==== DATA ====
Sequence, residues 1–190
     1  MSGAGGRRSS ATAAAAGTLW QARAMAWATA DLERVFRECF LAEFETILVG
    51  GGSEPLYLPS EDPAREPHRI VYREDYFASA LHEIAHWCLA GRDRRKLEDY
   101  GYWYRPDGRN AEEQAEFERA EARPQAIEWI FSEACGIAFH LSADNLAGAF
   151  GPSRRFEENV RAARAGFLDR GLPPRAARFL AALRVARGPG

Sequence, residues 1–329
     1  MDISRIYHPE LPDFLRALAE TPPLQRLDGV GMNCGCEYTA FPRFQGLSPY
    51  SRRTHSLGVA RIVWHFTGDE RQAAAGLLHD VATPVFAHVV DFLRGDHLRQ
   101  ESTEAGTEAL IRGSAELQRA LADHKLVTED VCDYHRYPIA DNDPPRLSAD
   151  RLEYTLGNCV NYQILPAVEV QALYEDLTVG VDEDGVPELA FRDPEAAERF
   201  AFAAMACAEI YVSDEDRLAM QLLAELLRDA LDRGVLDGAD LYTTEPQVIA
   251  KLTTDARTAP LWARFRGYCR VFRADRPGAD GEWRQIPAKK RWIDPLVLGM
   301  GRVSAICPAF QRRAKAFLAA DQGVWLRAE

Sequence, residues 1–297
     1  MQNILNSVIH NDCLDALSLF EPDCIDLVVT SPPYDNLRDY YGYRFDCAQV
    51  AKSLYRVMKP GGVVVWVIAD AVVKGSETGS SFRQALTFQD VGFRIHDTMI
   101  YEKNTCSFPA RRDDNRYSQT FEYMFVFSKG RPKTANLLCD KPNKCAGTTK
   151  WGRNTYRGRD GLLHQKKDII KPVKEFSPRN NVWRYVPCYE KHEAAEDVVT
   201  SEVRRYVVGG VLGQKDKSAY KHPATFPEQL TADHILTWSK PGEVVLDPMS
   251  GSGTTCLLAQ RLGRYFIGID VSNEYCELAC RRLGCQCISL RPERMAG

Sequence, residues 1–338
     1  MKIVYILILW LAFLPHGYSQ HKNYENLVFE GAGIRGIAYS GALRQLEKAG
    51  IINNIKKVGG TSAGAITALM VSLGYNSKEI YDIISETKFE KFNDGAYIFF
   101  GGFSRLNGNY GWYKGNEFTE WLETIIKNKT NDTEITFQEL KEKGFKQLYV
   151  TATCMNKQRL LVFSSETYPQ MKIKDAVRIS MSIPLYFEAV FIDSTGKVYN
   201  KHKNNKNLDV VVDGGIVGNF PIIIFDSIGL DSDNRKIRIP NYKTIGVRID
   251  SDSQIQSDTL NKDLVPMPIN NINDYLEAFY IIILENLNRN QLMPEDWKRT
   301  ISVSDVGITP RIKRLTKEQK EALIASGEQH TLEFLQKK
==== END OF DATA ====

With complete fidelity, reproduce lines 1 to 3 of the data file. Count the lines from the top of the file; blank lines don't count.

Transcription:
Sequence, residues 1–190
     1  MSGAGGRRSS ATAAAAGTLW QARAMAWATA DLERVFRECF LAEFETILVG
    51  GGSEPLYLPS EDPAREPHRI VYREDYFASA LHEIAHWCLA GRDRRKLEDY